On May 7, 2013 I was on a plane flying back to Cancun where I lived at the time, from Punta Cana, Dominican Republic. Minutes before I had made a heartbreaking decision for myself. I decided that I would not be drinking again, until further notice. My mom had listened to me crying in the Punta Cana airport, full of distress and questioning my worth as a person. What the fuck was wrong with me? I was so sick of not being able to control my drinking. I was so sick of feeling like crap afterward. I was sick of feeling paranoid that everyone was mad at me for something I did or said while wasted. I was sick of ruining relationship after relationship. I wanted these feelings to leave me and I knew in order to do that I had to cut alcohol out of my life.
During those first weeks of my sobriety, I had no idea where to turn. No one I knew was talking about recovery or sobriety in the ways they are now. I lived in a foreign country and didn’t know where to turn. I did what a lot of people do, I reached out to a few people online who I knew were sober and asked them for advice. Then I turned to what everyone does now - I went to Google and I searched, “is it possible to have fun and live sober?” I searched the internet for answers to all of my questions. Can I be sober and not be an alcoholic? Am I an alcoholic? Can you still party and be sober? Are there young people who are sober? What I found and was told was mostly about AA and the 12 steps. I found Sober Nation, The Fix and AfterParty Magazine whose websites had articles from real people in recovery, talking about their lives, their triumphs, and their setbacks. There was information on these sites about rehab and treatment centers, but those concepts were scary to me. Was I bad enough to go to rehab? How would I explain that to people? How would I pay for it?
The resources were scarce and the messages I received pushed two main recovery pathways: treatment and AA. If you’ve followed me for awhile, you know my recovery has always been a mix of different things: a ton of literature, a stint in AA, fitness, helping others, yoga, meditation, therapy and writing. What I’ve learned since getting sober is that recovery isn’t one size fits all. Some people need many pathways and every person needs choices.
This is why the Bloom Club was born. Carly Benson and I met by chance, but it felt like a divine intervention - maybe it was both? We were two young women talking about our lives in sobriety online. We had no idea our relationship would morph into a close friendship and then into a business partnership, but we both have the same ideas and goals. We thought, what can we give our people that we wanted for ourselves in early sobriety, or even before we got sober?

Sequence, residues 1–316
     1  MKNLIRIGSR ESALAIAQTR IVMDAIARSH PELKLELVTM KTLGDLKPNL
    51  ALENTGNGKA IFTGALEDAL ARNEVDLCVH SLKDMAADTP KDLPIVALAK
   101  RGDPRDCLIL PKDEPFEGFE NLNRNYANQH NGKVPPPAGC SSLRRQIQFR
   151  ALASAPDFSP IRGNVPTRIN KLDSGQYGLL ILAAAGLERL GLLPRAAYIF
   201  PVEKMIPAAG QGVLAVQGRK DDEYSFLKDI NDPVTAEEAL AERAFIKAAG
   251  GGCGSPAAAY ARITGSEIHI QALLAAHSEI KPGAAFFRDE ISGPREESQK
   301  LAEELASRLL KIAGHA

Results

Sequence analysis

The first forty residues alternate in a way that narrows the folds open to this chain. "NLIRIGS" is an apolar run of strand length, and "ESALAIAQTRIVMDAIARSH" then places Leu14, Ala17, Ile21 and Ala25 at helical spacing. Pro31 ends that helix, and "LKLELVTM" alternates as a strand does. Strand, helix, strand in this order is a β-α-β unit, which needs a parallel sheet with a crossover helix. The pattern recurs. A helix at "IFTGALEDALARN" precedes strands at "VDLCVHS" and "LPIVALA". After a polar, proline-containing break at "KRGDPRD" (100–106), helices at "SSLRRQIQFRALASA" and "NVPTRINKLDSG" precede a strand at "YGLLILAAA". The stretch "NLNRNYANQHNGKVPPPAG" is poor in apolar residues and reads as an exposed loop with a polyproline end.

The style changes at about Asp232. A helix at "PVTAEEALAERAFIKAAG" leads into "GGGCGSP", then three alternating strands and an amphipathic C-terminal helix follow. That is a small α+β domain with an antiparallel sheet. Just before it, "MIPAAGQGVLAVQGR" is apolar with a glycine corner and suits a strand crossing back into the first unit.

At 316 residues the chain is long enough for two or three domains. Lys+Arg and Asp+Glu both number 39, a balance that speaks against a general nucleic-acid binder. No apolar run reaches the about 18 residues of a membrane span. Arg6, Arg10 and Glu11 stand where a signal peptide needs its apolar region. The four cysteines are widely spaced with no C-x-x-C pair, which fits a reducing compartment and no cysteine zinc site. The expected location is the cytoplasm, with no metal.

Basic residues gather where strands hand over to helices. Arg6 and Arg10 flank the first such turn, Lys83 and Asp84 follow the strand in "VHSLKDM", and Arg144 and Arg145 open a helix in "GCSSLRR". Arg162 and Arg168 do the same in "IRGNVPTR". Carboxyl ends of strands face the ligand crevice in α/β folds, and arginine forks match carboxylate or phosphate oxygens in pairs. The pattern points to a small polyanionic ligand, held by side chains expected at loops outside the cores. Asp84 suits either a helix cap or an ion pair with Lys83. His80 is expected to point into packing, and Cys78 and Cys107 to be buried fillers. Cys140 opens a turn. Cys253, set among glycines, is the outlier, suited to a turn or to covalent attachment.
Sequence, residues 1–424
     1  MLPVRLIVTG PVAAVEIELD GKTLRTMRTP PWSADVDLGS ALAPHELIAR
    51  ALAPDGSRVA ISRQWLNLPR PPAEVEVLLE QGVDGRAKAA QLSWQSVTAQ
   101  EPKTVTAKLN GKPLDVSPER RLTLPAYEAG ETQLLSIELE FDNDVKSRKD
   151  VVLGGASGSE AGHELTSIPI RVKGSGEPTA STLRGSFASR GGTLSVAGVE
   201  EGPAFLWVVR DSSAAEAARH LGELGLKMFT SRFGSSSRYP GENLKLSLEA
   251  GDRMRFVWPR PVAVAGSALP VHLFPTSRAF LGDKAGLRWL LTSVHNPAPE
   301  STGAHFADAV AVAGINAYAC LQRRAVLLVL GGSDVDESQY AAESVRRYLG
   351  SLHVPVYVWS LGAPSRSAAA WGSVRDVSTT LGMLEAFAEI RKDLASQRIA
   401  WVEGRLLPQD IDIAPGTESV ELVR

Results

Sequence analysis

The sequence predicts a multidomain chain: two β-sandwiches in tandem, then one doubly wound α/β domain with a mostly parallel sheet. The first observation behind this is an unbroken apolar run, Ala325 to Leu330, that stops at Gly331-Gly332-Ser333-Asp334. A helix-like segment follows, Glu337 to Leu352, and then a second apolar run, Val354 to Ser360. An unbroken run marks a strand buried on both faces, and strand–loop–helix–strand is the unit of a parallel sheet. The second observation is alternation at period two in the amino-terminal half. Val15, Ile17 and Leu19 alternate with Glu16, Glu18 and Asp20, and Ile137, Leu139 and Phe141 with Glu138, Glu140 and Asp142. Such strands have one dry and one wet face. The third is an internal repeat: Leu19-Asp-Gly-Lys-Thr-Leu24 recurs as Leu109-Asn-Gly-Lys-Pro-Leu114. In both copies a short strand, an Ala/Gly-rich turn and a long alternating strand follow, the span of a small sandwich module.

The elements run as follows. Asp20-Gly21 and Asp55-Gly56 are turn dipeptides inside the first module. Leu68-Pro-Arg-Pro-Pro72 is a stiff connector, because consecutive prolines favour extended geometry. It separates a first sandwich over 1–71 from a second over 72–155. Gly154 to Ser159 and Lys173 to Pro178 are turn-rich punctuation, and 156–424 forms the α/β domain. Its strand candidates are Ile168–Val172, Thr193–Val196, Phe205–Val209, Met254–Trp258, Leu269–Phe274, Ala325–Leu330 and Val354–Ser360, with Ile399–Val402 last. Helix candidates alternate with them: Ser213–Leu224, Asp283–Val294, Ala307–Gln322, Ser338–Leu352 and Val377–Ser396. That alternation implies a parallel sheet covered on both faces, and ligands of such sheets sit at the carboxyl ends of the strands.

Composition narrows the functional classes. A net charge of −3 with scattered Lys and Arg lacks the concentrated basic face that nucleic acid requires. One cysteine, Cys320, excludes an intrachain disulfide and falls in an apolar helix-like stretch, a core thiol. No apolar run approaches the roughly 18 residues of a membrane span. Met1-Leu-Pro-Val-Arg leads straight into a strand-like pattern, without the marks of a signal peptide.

We wished we had a private, supportive community that offered classes or lectures on topics we were curious about. We wanted a recovery pathway that offered an alternative to rigid 12 step models, something that came without stigma and offered an inclusive, inviting environment where we could explore and learn about ourselves and our sobriety. This what we had in mind when we created the Bloom Club for all of you.
The Bloom Club is for:
Anyone who is sober-curious.
Wondering what life without alcohol is like.
Former party people who are sick of the party life.
People who are determined to quit drinking, but haven’t found a path that works for them.
Anyone who is already sober looking to deepen their sobriety.
People who are open to self-development in areas including but not limited to: self-love, acceptance, forgiveness, emotional intelligence, spirituality, self-care, holistic living, mindfulness and accountability.
Anyone looking for a community of people who are also living alcohol-free or trying to.
I am proud of the Bloom Club, our growth, and the classes we teach, people we help, and community we are cultivating. We are constantly evolving, looking for new topics to address, or new ways we can help our members. I often receive messages from people looking for help or advice and I believe the Bloom Club can benefit all of you too. Recently we lowered our price to $47/month to make our community more affordable for all those who wish to try it.
In a world where asking for help with a substance use disorder is considered taboo, we hope that providing more options for those who are struggling or just desire a life beyond alcohol, will help people find peace.
To learn more about The Bloom Club or to sign up please visit TheBloomClub.com. If you have questions about The Bloom Club, email me at firstname.lastname@example.org.